John E. Hoover: OU's QB Jones connects in clutch
BY JOHN E. HOOVER World Sports Columnist
Sunday, November 18, 2012
11/18/12 at 6:37 AM
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Original Print Headline: Jones delivers clutch performance
MORGANTOWN, W. Va. - Landry Jones' career has come full circle. The little guy is all grown up.
Oklahoma's fifth-year senior quarterback looked every bit like a fifth-year senior quarterback on Saturday night - heck, this was Landry Jones the Heisman Trophy contender - as he led his very first fourth-quarter, game-winning touchdown drive at the end of an almost unbelievable 50-49 victory over West Virginia.
On a night when WVU called upon quarterback ghosts of past victories over OU to provide some pregame inspiration, it was Jones who haunted the struggling Mountaineers with his precision passing, clutch leadership and even slippery guile.
This West Virginia team joined the Big 12 Conference with an electrified offense constructed by a mad scientist coach and sparked by a pair of quicksilver receivers and a ready-for-bronze quarterback. And they are all that.
Receiver Tavon Austin, doubling as a tailback, rushed for 344 yards and amassed 572 all-purpose yards, six short of the NCAA record. Steadman Bailey gained 205 yards and four TDs on 13 catches. QB Geno Smith had 320 yards passing and four touchdowns. And WVU gained 778 yards total offense, a record by a Sooner opponent.
But all (except maybe Austin; he was just stunning) were outdone by Jones.
Jones completed 38-of-51 passes for a school-record 554 yards and six touchdowns (four to Kenny Stills).
As the Mountaineers' offense came alive in the fourth quarter, Jones - previously a victim to clutch situations - was never better. Twice in the final three minutes, he led touchdown drives, going 9-of-10 for 134 yards with two touchdowns.
Jones ended the first with a third-and-7 bullet over the middle to Stills in the back of the end zone.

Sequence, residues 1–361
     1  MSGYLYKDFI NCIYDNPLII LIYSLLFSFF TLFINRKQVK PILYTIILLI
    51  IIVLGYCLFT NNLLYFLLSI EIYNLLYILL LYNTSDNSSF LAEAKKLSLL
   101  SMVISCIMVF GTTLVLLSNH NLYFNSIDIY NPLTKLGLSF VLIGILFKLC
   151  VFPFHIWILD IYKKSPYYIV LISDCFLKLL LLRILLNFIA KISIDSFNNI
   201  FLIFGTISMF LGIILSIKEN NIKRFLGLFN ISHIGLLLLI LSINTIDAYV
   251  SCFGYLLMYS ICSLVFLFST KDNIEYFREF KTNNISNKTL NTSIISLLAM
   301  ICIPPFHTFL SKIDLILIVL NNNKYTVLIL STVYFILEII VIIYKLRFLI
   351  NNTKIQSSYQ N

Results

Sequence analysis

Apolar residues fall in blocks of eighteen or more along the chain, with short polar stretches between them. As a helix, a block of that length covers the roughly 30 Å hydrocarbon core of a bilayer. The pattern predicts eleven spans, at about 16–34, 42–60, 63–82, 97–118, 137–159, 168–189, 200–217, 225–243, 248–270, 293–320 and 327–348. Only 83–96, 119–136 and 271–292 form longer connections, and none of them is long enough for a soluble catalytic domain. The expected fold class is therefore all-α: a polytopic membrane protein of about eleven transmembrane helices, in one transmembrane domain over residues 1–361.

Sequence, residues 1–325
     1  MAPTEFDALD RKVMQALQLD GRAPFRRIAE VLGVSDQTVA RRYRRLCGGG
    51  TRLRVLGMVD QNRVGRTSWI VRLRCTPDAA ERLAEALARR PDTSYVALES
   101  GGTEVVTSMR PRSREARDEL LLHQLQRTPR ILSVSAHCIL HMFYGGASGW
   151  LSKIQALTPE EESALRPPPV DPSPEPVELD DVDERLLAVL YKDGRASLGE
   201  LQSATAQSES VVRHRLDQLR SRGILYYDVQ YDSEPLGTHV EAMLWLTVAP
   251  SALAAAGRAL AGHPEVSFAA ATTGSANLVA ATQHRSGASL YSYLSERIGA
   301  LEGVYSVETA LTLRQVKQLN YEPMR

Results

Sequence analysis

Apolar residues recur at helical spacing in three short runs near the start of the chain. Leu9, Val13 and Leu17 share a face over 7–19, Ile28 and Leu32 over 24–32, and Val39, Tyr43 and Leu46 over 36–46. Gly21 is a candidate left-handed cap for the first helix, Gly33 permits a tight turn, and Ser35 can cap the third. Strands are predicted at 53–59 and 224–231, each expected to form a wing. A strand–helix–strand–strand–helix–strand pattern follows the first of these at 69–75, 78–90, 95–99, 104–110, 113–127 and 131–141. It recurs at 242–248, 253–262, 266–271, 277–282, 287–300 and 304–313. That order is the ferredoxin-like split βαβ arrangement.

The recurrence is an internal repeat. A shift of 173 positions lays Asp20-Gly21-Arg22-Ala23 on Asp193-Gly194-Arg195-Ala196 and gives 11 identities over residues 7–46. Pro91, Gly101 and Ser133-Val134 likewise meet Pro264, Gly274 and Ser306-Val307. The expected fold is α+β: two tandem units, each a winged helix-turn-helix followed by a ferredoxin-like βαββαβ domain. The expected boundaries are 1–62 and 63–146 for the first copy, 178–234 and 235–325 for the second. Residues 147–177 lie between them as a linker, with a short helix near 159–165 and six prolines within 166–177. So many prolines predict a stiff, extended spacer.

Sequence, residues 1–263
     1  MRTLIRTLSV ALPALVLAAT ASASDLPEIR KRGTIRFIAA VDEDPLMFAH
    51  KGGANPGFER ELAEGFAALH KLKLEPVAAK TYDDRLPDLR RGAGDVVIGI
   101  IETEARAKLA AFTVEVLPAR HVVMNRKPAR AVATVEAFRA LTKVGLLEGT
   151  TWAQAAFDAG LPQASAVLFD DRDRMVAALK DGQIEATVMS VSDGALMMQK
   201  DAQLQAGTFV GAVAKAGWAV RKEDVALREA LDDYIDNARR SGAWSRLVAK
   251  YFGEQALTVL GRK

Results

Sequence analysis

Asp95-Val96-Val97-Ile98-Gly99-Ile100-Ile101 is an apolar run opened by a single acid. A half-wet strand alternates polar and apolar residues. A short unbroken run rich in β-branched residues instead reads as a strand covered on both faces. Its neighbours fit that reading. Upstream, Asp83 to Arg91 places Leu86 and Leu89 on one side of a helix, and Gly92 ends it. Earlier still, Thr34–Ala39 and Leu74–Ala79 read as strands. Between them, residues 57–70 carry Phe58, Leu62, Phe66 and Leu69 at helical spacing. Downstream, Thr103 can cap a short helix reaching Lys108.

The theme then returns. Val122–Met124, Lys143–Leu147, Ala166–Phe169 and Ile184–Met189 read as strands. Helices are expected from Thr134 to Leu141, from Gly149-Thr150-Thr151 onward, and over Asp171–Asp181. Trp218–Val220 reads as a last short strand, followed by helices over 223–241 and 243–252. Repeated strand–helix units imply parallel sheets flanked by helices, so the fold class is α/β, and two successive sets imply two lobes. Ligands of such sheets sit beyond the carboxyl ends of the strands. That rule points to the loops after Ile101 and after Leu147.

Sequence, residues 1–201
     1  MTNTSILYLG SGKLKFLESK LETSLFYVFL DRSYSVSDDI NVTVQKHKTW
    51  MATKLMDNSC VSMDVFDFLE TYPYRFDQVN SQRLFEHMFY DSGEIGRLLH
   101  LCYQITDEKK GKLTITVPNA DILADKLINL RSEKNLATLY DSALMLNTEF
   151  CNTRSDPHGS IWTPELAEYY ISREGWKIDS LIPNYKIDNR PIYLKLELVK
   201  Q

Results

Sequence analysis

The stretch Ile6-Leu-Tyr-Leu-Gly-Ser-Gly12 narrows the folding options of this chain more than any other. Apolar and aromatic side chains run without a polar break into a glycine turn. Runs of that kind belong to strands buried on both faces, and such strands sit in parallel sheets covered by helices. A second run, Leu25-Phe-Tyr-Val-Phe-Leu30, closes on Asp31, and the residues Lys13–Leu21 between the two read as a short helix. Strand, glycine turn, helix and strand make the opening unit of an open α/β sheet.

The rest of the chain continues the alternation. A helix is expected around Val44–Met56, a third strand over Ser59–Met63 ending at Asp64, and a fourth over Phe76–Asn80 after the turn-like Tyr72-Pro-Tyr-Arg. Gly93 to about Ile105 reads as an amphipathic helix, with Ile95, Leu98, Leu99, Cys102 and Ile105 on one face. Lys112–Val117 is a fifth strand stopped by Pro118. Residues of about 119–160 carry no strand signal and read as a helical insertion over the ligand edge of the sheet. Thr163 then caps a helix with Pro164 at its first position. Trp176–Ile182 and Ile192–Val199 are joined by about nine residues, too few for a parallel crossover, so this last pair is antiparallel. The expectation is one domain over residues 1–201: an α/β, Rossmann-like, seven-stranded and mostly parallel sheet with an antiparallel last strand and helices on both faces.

On the final, game-wining drive, Jones completed 4-of-4, including a 5-yard fourth-and-3 slant to Stills for the clinching touchdown with 24 seconds left.
All night, against one of college football's worst defenses, Jones found receivers wide open. But he also threaded balls through narrow windows. He even threw a couple of receivers open - that is, they were initially covered, but he threw the ball into open space and let them run to it.
West Virginia players got a pregame visit and some encouraging words from the likes of Jeff Hostetler and Pat White, former WVU quarterbacks who delivered shocking upsets in their spotlight moments against OU - Hostetler in 1982 (41-27 in Norman) and White in 2008 (48-28 in the '07 Fiesta Bowl).
Trying to end a four-game losing streak, the Mountaineers were hoping Smith could become the latest WVU legend to beat the Sooners.
But on this chilly night in the Appalachian Mountains, dusting off past glories wasn't nearly enough.
OU's first offensive series started with Jones backed up against the north end zone, two strident student sections to his left and three sections of well-warmed WVU fans to his right.
In the past - at Stillwater or Waco last year, at Columbia or College Station in 2010, anywhere other than Norman in 2009 - Jones didn't have the mettle in these conditions. Turnovers, not touchdowns, were his calling card in clutch situations.
Not any more.
Jones was calm under pressure, accurate on third down, defiant to the yellow-garbed mountain folk and, frankly, better than he's ever been - in Norman or anywhere else.
Third and 15? No problem. Jones left the pocket, rolled right and threw to the left for a 16-yard gain to Kenny Stills.
Third-and-5? Easy. Jones escapes again, strides to his right and lobs a pass down the sideline to Brennan Clay on a wheel route for 25 yards.
Third-and-3? Whatever. Jones drops back and zips a 4-yard touchdown to a kneeling Trey Millard.
And that was all just the first possession. Jones actually saved his best work for last. He completed 5-for-5 passes on third- and fourth-down plays in the fourth quarter - all for first downs.
Jones' mistakes against Kansas State earlier this season were crucial elements of defeat. Many Sooner fans no longer trusted him. Critics said he was still making the same errors he made as a freshman when he was an emergency replacement for Sam Bradford.
But those days, like WVU's Sooner-killer QBs, are ancient history.
Oklahoma quarterback Landry Jones attempts a pass during the third quarter of their NCAA college football game against West Virginia in Morgantown, W.Va., on Saturday. CHRISTOPHER JACKSON / AP Photo